A New York task force has recommended a percentage of revenue from video lottery terminals and purse accounts go toward retraining and retirement programs for racehorses in the state.
The New York State Task Force on Retired Racehorses was created by the state legislature to identify productive uses for retired racehorses and increase the number available for such uses. The task force also was charged with finding “new and innovative methods that can utilize private and public funding sources to place retired racehorses,” according to a report released Dec. 23.
Based on industry statistics, the task force estimates a 39% attrition rate of Thoroughbred and Standardbred racehorses in New York each year.
The task force recommends that all New York racetracks and Resorts World Casino New York City at Aqueduct give one-half of 1% of VLT commissions to retirement efforts. Based on 2010 commissions and projections at the Aqueduct VLT casino, the percentage could produce more than $3.1 million a year, the task force report said.
In addition, the group calls for all racetracks and horsemen in the state to contribute one-half of 1% of purses, which would generate another $1.1 million based on 2010 levels. Other sources would bring the total to more than $5 million a year.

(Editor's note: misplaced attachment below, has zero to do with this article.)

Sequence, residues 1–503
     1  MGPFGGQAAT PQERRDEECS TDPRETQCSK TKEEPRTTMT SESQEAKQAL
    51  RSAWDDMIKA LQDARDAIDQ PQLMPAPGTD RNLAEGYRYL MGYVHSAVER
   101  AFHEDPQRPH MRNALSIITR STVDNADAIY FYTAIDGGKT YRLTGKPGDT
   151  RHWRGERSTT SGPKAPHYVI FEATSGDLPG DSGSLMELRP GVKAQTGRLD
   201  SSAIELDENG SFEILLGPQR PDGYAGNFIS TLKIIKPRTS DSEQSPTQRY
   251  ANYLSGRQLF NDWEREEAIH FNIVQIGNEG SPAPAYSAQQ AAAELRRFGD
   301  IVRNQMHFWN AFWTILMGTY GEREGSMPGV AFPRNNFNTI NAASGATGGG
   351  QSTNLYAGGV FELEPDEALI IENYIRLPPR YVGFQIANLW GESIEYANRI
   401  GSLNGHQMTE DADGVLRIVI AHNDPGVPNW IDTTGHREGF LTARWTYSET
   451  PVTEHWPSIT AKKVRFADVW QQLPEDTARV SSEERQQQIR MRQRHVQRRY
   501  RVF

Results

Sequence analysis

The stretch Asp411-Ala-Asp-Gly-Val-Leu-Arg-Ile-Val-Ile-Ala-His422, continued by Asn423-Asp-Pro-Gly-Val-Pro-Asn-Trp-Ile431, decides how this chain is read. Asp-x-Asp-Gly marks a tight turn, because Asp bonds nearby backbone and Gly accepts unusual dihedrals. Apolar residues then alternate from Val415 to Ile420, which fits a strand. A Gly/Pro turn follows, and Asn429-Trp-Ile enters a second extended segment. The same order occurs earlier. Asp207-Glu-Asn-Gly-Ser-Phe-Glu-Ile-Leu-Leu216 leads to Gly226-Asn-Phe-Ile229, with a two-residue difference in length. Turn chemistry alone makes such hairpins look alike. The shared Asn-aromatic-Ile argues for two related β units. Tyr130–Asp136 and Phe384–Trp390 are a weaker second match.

“The task force has the opinion that New York’s horse racing industry and its participants—not the betting public or taxpayers—must take primary responsibility for the after-care of retired racehorses,” the report states. “Industry stakeholders, including owners, breeders, racetracks, and trainers must address the fiscal challenges of ensure quality after-care for racehorses.”
In that regard the task force suggests owners should be prepared to pay $400 a month for at least six months after a horse is retired to support transitional retraining. The goal is to reduce the number of horses at retirement and rescue facilities.
The task force also recommends an online training course detailing the responsibilities of owners and trainers as a condition of licensure by the New York State Racing and Wagering Board and “multiple marketing and education initiatives to increase awareness of responsible retirement practices.”
Task force members said racing fans would “willingly and readily contribute to retirement causes,” so track operators “should identify and create marketing strategies to educate attendees on where horses go after they leave the track, coupled with efforts to spur community involvement.” The New York Racing Fan Advisory Council could assist in the effort, the report states.
Oversight of any funding would fall under the Retired Racehorse Fund, a 13-member advisory board with representatives from the New York Racing Association, Finger Lakes Gaming & Racetrack, harness racetracks, New York Thoroughbred Horsemen’s Association, Finger Lakes Horsemen’s Association, Standardbred Owners Association of New York, New York Thoroughbred Breeders, Harness Horse Breeders of New York State, the Jockeys’ Guild, a professional harness driver or trainer, and an equine veterinarian. The chair of the NYSRWB and commissioner of the New York State Department of Agriculture and Markets would serve as ex-officio members.